Researchers Develop Customizable Pills with an Assist from 3D Printing

3D printing allows multiple medications to be delivered to the body at different times in one pill.

Even if you don’t own one yourself, odds are high someone in your family has one of the long, extended pill containers with each day labelled on the top.  Those simple, but incredibly useful, containers help people who need to take multiple drugs each day ensure they stay on track without requiring some kind of check list. Like all simple, but good, ideas, it’s hard to imagine a way to improve upon the design of the multi-day pill container, unless the solution is to eliminate it altogether.

Researchers at the National University of Singapore (NUS) may have developed a new system for manufacturing pills that will actually eliminate the container. Instead of taking multiple pills each day, or multiple pills several times a day, the system would allow people to take one pill that combines the effects of multiple pills in a single swallow. As is the case with many recent medical developments, the key behind the research is additive manufacturing (AM).

Courtesy of NUS. Courtesy of NUS.

Although the idea of using 3D printing to build drugs isn’t unique, it’s still a relatively new concept. While 3D printed drugs are useful in a number of circumstances, they are currently limited to low dosages and have a tendency to dissolve fairly rapidly. Unlike companies such as Apprecia that are using the technology to directly print medicine, NUS’ approach takes advantage of AM’s flexibility to personalize medication without relying on it to build the actual pill.

The process begins with a doctor using a program to design the contents of the pill and the dosages required. Unlike other AM programs, this doesn’t require any CAD knowledge, but rather acts more like virtual Lego allowing doctors to construct a pill in the shape most conducive to a patient’s needs. From the NUS report:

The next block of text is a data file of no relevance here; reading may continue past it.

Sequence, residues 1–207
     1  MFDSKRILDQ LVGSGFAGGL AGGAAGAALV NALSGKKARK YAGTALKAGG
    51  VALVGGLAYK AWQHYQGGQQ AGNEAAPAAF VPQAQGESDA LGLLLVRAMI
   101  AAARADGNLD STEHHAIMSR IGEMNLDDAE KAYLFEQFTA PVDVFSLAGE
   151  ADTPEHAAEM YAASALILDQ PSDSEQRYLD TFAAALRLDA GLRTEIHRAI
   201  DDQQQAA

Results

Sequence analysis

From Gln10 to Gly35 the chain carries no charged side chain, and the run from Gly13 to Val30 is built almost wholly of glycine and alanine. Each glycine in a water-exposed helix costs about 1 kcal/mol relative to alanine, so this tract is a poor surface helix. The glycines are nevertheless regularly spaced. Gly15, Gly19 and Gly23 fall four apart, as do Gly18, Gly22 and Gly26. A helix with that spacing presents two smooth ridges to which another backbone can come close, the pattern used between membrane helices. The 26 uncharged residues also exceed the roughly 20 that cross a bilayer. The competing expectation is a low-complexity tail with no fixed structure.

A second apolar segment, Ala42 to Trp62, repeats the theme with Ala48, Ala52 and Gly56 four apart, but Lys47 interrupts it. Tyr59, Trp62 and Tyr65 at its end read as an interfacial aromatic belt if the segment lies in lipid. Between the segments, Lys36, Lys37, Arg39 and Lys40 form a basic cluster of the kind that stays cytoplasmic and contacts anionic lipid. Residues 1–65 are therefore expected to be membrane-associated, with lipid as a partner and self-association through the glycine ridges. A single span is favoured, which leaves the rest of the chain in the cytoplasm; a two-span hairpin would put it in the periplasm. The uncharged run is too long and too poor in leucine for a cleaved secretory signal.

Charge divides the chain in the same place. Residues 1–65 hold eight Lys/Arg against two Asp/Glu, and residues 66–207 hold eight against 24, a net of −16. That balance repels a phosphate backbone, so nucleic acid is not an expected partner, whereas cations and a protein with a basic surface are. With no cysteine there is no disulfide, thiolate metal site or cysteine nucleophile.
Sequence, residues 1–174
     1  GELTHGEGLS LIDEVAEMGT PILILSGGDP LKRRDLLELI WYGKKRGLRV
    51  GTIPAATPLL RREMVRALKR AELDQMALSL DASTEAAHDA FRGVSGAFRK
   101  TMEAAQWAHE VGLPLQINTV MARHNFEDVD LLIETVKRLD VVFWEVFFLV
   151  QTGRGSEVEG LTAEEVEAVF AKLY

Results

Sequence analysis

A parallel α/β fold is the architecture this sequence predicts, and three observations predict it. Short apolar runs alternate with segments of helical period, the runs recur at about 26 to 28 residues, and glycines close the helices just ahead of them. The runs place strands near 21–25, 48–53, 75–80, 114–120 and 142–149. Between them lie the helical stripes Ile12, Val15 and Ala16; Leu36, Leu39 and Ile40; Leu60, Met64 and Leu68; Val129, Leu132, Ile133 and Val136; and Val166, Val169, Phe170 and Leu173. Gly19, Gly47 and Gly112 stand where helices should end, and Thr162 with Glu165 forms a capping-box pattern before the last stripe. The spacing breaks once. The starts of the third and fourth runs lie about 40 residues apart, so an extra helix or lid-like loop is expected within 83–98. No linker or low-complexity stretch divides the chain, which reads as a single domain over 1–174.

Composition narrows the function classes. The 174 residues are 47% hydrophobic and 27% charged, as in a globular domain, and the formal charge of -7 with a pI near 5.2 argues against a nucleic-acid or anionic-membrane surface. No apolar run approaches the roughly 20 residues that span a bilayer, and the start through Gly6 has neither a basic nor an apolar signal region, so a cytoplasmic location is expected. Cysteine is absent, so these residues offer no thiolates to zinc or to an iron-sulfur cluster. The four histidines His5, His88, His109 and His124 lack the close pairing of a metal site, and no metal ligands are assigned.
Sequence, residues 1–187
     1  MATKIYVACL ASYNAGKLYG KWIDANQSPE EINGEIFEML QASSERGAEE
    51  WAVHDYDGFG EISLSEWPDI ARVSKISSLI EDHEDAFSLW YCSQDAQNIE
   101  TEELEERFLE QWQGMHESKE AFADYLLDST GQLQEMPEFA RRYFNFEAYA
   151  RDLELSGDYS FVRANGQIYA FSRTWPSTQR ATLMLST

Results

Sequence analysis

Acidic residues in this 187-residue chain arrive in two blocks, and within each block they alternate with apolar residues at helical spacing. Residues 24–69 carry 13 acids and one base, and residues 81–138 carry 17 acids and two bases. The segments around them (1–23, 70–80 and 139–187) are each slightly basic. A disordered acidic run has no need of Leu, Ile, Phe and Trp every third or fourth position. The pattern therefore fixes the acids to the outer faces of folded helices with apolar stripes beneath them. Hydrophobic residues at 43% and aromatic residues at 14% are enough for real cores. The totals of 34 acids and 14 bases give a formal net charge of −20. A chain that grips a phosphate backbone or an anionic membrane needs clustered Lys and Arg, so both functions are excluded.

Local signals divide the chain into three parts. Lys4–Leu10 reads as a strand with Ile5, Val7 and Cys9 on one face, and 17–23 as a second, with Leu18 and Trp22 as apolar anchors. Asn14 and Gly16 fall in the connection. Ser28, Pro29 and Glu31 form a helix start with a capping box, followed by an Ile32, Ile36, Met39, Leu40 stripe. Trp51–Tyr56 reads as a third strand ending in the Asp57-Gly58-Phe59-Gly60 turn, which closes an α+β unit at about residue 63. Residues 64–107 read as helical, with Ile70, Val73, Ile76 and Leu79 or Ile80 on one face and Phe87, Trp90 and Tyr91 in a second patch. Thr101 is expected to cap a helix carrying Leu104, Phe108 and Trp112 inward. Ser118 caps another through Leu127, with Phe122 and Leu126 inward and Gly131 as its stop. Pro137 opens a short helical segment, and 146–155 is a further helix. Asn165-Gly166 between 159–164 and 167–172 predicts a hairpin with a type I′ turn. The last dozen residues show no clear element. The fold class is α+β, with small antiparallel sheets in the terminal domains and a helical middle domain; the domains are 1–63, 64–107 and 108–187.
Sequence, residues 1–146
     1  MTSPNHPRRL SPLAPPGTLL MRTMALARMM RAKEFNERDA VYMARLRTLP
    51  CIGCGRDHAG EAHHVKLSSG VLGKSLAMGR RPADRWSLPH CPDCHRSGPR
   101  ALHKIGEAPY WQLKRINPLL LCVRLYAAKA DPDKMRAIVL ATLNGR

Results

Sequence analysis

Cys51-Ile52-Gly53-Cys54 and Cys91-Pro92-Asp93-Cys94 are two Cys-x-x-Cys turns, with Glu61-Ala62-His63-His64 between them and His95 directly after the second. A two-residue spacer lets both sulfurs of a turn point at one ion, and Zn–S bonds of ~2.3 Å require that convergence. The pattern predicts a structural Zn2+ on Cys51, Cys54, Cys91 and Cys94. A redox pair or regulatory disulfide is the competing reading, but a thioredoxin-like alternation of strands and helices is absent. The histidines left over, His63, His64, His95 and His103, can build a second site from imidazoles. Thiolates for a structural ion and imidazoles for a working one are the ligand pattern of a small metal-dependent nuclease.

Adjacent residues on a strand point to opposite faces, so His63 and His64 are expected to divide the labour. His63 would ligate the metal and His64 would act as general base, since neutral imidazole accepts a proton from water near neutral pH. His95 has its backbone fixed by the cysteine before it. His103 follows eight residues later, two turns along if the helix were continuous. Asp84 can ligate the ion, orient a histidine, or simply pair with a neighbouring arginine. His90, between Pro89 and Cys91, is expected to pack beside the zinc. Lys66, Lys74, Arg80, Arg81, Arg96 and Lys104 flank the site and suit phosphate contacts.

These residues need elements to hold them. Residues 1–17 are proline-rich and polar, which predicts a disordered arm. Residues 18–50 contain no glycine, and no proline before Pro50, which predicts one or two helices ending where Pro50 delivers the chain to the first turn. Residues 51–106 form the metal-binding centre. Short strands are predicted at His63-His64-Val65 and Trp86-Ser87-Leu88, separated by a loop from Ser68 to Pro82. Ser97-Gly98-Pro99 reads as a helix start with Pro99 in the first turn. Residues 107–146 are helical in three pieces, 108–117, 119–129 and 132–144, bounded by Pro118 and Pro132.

The doctor or pharmacist draws a desired release profile in design software, which then instructs a three-dimensional (3D) printer to fashion a mould for the drug. This mould shapes drug-infused polymers of specific release profiles, which are placed into an impermeable casing. A solution of surface-eroding polymer, which solidifies when cured under UV light, fills the gaps in between.

As an example, for a patient that takes five pills each day, or is required to take one pill five times a day, the pill could be shaped with five prongs. Each prong is set to dissolve at a certain rate, ensuring all the day’s needs are accounted for in a single pill. This method of delivery can also assist with delivery of specific levels of a drug by ensuring a steady release of the drug over an extended period of time.

Below you’ll find a short video about 3D printing drugs.

Source: NUS

Share This Article

Subscribe to our FREE magazine, FREE email newsletters or both!

Join over 90,000 engineering professionals who get fresh engineering news as soon as it is published.

About the Author

John Newman

John Newman is a Digital Engineering contributor who focuses on 3D printing. Contact him via [email protected] and read his posts on Rapid Ready Technology.

Follow DE